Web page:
This 2011 work is an outstanding mystery, one of Connelly’s best. Harry Bosch is approaching mandated retirement as a cop, and he is given two cases. The two cases are not connected, and they never overlap. But what they both do is examine the idea of justice. From almost opposite directions. They ask what are the ends that justify the means of administering justice. And in one case, the reader leans toward the justice thwarted rather than the justice achieved. And in the other, he leans toward the justice achieved rather than the justice compromised.

The novel works because of the complexity of both cases, but it also works because Bosch is fully human. He is a cop, but he has a personal life that begins with his 15-year-old daughter, Maddie; and he often stops his investigations—as Connelly stops his fast pace—to interact with her. Their conversations may last less than a page, but we see what a good father and a good person he is. Bosch is also a widower, and lonely; and when he meets an attractive therapist, Hannah Stone, on one of the cases, both he and the reader hope she will be able to fill the emotional side of his life. In fact, even his daughter wishes so. Meanwhile, in his professional life, Bosch has an interesting, changing relationship with his partner, Chu, who both helps him and betrays him. Chu himself is also interesting, as he has his own issues, and resents this boss who never confides in him.

The Drop is aptly titled. DROP stands, conveniently, for Bosch’s status in the Deferred Retirement Option Plan. Plus, one case he is handling concerns whether George Irving, a man who has dropped from a hotel balcony, has died as a result of a murder, a suicide, or an accident. And why does his powerful politician father Irvin Irving, an anti-police nemesis of Bosch, ask Bosch of all people to handle a case which involves the death of his son?

The other case involves a rape and murder from the past that went unsolved, and had been dropped by the police. Now, it has resurfaced in the LA police department’s Open-Unsolved Unit, where Bosch works, after new DNA evidence has been discovered. Plus, there are also occasions when Bosch is being encouraged to drop each of these two cases.

Connelly spends more time on the first case, in which the prominent politician demands that Bosch find the truth about his son’s death from the hotel balcony. The case brings Bosch into the continual contact with the politics and justice practiced in Los Angeles, and offers the reader frequent insights into the interactions among citizens, the police, politicians, and judges. This case revolves around the son using his father’s political connections to curry favors for his clients. Bosch learns that the son’s situation is more complicated than that, however, and as he explores the son’s connections with politics, the police, and his family, the detective leans toward different explanations of his death. This is what builds the suspense, as the reader is also turned in one direction and then in another.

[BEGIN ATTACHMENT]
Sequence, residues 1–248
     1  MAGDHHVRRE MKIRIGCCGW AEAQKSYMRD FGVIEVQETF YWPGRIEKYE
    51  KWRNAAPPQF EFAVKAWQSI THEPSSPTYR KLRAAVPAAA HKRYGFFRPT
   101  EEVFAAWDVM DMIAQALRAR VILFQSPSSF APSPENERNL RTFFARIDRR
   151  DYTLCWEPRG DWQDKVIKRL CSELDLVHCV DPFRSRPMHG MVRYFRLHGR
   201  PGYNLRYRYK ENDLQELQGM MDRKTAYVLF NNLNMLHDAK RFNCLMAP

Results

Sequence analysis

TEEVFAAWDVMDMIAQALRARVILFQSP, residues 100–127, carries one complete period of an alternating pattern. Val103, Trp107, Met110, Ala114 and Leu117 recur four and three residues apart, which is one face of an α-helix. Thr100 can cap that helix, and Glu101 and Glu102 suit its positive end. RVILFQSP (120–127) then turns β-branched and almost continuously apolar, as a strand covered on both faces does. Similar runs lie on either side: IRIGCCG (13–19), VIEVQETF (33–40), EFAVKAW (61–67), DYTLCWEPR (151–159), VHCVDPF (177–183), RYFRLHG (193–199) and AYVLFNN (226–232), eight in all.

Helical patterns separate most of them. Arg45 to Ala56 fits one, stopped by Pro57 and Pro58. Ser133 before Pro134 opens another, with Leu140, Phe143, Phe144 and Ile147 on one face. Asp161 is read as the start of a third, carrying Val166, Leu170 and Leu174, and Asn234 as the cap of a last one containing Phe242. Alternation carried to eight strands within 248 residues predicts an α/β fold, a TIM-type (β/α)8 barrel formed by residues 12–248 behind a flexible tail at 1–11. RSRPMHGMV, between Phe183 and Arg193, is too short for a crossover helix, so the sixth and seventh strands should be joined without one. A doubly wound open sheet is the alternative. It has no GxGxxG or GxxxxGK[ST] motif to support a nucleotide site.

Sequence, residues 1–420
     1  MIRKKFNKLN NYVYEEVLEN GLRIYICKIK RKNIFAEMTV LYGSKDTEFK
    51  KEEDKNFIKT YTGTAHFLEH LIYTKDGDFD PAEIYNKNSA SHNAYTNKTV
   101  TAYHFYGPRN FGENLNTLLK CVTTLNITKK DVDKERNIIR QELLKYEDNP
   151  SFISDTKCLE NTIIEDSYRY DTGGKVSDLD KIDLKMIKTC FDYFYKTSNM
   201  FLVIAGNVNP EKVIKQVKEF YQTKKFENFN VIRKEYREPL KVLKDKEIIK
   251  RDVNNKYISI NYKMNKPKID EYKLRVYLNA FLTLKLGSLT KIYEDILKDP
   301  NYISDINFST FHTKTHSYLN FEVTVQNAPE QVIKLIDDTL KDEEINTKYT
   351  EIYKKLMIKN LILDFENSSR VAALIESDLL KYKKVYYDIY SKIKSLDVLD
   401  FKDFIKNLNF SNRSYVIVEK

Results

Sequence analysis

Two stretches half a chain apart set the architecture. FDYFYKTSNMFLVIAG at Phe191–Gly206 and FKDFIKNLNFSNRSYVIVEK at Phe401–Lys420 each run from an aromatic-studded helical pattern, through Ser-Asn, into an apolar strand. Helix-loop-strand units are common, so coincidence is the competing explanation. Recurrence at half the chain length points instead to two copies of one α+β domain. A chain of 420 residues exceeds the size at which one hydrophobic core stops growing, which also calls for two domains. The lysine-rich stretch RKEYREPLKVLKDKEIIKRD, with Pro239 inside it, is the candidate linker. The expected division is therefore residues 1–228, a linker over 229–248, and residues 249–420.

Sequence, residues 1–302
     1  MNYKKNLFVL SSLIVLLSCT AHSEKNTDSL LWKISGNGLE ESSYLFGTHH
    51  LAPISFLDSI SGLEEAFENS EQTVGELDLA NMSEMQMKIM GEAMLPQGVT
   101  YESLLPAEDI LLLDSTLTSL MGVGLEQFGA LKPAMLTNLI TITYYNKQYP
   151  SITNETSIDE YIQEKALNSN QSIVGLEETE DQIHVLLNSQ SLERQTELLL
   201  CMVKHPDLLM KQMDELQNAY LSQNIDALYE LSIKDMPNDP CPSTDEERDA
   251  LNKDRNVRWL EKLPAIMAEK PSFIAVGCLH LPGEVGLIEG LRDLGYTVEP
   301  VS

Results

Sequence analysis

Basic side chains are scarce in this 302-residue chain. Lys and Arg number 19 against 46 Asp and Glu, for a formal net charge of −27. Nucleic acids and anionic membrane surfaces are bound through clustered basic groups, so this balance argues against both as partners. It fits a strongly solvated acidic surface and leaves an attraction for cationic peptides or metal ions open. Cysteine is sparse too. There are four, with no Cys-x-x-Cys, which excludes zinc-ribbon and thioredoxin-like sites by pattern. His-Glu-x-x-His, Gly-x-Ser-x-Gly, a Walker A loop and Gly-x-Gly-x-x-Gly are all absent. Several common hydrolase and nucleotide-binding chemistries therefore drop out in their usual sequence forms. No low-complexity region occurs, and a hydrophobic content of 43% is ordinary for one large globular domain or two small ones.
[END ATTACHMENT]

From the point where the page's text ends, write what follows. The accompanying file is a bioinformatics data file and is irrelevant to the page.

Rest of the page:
The rape and murder case is complicated by the fact that the blood on the victim’s body belongs to an eight-year-old child, Clayton Pell, who is now an adult. He could not have committed the rape and murder, of course, at eight years old. Then who did? Bosch uses logic and his powers of investigation to find out, but then the boy emerges as a mayor player as he both emerges as a criminal himself and seeks his own kind of justice. This dark side of society is leavened, however, by Bosch’s romance with the boy’s therapist; and yet at the same time it is complicated by the boy’s evolution into a man whose adult transgressions have been formed by his rough early life. So, when do we sympathize with Clayton Pell, and when do we not? Connolly loves these emotional conflicts, these ironies, and his work is all the stronger for it.

After these two fascinating, complicated cases, it is the book’s ending that helps it to end on a strong point, one that points to the irony and complexity of justice. For it suggests that one guilty man may not be so guilty, after all. And that the department Bosch is so dedicated to appears to have its own kind of guilt.

And so, one wonders how cynical Bosch will remain in Connelly’s next book. Will he be further disillusioned by the police corruption that he terms “high jingo”? Or will he soften, as he shares his heart with someone besides his daughter? No, he has to remain the hard-boiled cynic, even as he remains a needy person. Perhaps, in fact, the cynicism is to shield him from that neediness. On the other hand, maybe the world around him will be lightened by either Hannah or future characters. We shall see. All I know is that this novel has certainly interested me in more of Connelly’s work. (October, 2016)